See the future of automobiles. Check this out:
One question: How do I get a job there?
(Source: Wired.) Agassi reimagined the entire automotive ecosystem by proposing a new concept he called the Electric Recharge Grid Operator. It was an unorthodox mashup of the automotive and mobile phone industries. Instead of gas stations on every corner, the ERGO would blanket a country with a network of “smart” charge spots. Drivers could plug in anywhere, anytime, and would subscribe to a specific plan—unlimited miles, a maximum number of miles each month, or pay as you go—all for less than the equivalent cost for gas. They’d buy their car from the operator, who would offer steep discounts, perhaps even give the cars away. The profit would come from selling electricity—the minutes.
There would be plugs in homes, offices, shopping malls. And when customers couldn’t wait to “fill up,” they’d go to battery exchange stations where they would pull into car-wash-like sheds, and in a few minutes, a hydraulic lift would swap the depleted battery with a fresh one. Drivers wouldn’t pay a penny extra: The ERGO would own the battery.
Agassi envisions a new kind of infrastructure, with ubiquitous charge stations, that is not only simple and logical but potentially profitable, too. No technological breakthroughs were necessary. No new inventions. It was as if he’d discovered a trapdoor beneath both the gasoline industry and the auto industry, a combined $3 trillion market.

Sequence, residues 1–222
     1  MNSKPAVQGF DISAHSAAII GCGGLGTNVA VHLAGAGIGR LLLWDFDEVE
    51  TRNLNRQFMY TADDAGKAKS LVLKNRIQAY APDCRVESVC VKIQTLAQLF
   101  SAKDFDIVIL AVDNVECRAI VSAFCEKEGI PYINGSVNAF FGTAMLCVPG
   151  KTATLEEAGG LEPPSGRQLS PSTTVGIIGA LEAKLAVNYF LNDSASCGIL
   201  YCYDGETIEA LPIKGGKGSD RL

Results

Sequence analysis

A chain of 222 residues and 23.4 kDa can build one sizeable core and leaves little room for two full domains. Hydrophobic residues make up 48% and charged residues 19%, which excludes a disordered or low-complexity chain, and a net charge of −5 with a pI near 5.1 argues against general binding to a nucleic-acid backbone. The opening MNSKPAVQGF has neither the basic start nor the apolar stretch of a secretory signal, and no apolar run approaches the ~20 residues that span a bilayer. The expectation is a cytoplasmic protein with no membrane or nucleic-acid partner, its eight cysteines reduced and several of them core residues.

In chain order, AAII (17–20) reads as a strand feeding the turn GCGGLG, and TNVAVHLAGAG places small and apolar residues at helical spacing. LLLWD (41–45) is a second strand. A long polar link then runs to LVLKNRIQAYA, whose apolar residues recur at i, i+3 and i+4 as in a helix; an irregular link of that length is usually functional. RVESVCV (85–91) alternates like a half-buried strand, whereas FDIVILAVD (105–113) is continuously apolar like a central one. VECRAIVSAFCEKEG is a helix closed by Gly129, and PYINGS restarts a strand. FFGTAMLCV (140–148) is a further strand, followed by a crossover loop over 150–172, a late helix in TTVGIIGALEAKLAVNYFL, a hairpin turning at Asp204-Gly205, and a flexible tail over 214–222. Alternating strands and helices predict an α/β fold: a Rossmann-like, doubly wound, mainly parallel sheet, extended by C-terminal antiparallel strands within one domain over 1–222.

AutoOS, the Better Place operating system, would transform the transportation grid. Here’s how.
A special key fob linked to the car indicates the status of the battery. If the logo is throbbing blue, the car is fully charged.
The driver unplugs and heads out. The software analyzes the first few minutes of driving and guesses the destination based on past history: “Work?” it asks. The driver speaks a response and the system determines how much energy is needed for the day.
During the commute, the location-aware system finds and displays three open parking spaces near the office that are equipped with Better Place charging spots.
An automatic arm extends to plug into the car. The spot then communicates with the control center, which anticipates the driver’s energy needs so as to allocate power economically. It might, say, limit consumption during expensive peak hours. The driver gets a text: “80 percent charged.”
An unexpected meeting comes up. The driver enters a new route, and AutOS determines there is insufficient charge to get there. The driver orders a battery swap.
AutOS finds the most convenient battery-exchange location and books a bay. The old battery gets lowered onto a hydraulic plate, and the car moves forward on a car-wash-style track. In five minutes, a fully charged battery is in place.